(a) in connection with the purposes listed in subsection (1); and
(b) in accordance with proposals submitted under subsection (1).
(3) For the purposes of this section, ‘smallholdings authority’ has the same meaning as in section 38 of the Agriculture Act 1970.”
This new clause would limit the disposal of smallholdings (‘county farms’) by local authorities and would require local authorities to review their holding and submit proposals for future management to provide opportunities to extend access to farming, education, and innovation.
Does the hon. Gentleman recognise the many environmental schemes that are in place? Farmers are already doing quite a lot of this stuff.
Does my hon. Friend agree that if there is no duty to provide advice, there is a danger that smaller farms will be least likely to get the advice they need, since they cannot afford to pay for it? The ones that most need support are the most likely to lose out.
I fully agree with the hon. Gentleman on many of those points. In fact, my local authority, Powys County Council, is investing in the county farm structure, which is really positive. Is the hon. Gentleman proposing that county councils—national Government, in fact—invest in smallholdings? Does he agree with the shadow Chancellor that we should do away with all private farms and have community farms?
Following on from the shadow Chancellor’s background, the hon. Gentleman says, “taking farms into public ownership”. I am very interested in that definition.
Does the hon. Gentleman agree that Government legislation must be clear about land ownership? The tenancy market is important; many young farmers get in through a tenancy. The experience in Scotland is that, if there is any doubt cast upon the ownership of land or the right to buy, the tenancy market dries up. Would he agree that the best entry is through tenancies?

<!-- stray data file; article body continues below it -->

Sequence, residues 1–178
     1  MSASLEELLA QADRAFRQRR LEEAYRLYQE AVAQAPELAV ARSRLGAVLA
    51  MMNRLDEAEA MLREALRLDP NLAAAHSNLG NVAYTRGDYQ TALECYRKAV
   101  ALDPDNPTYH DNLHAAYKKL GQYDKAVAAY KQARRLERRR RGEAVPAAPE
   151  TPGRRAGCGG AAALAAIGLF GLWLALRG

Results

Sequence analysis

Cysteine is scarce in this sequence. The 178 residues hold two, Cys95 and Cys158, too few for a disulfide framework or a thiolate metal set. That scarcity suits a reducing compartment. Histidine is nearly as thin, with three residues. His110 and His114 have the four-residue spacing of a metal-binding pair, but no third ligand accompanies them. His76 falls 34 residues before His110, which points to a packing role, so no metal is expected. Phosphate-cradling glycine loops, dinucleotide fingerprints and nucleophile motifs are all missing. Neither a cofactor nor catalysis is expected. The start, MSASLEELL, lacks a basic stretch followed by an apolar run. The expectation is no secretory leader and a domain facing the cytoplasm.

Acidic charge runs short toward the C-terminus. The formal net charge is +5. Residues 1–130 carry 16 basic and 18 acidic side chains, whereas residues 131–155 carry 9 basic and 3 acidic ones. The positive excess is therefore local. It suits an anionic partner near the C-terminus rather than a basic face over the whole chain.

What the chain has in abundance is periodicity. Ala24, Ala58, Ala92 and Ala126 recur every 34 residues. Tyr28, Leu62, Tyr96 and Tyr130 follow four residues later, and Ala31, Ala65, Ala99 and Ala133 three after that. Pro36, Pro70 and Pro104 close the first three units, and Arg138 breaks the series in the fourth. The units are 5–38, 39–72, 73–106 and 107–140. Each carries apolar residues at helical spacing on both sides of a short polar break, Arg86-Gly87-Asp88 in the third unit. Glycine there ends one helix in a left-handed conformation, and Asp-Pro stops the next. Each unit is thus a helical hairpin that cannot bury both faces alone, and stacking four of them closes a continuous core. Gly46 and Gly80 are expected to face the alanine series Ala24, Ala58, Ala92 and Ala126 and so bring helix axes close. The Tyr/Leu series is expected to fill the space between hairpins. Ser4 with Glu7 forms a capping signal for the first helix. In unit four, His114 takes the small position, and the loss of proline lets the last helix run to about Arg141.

Will the hon. Gentleman give an indication of the size of unit he believes would be viable? Currently, some of the very small smallholdings are not viable businesses.
I will start with new clause 16, tabled by the hon. Member for Bristol East, which seeks to add some environmental targets to the Bill. We discussed this topic earlier in the Committee’s deliberations. As I said earlier, the Government have clearly demonstrated our commitment to the environment through the 25-year environment plan. We are currently in the process of developing a detailed indicator framework so that we can accurately measure progress on those important environmental trends. Obviously, we have already consulted on the key element of our agriculture policy, which is to deliver payment for the delivery of public goods, but fundamentally I see this as an issue for the forthcoming environment Bill. We will be publishing a draft of that Bill later this year, which will deal with environmental governance and environmental principles. In the second Session of this Parliament there will be an environment Bill that will include some of these things.
I will address the point that the hon. Member for Bristol East made about whether there is some division between DEFRA and the Treasury.
Break in Debate
I have had no indication that any of the other new clauses in this group are being pressed to a Division, so I will move on.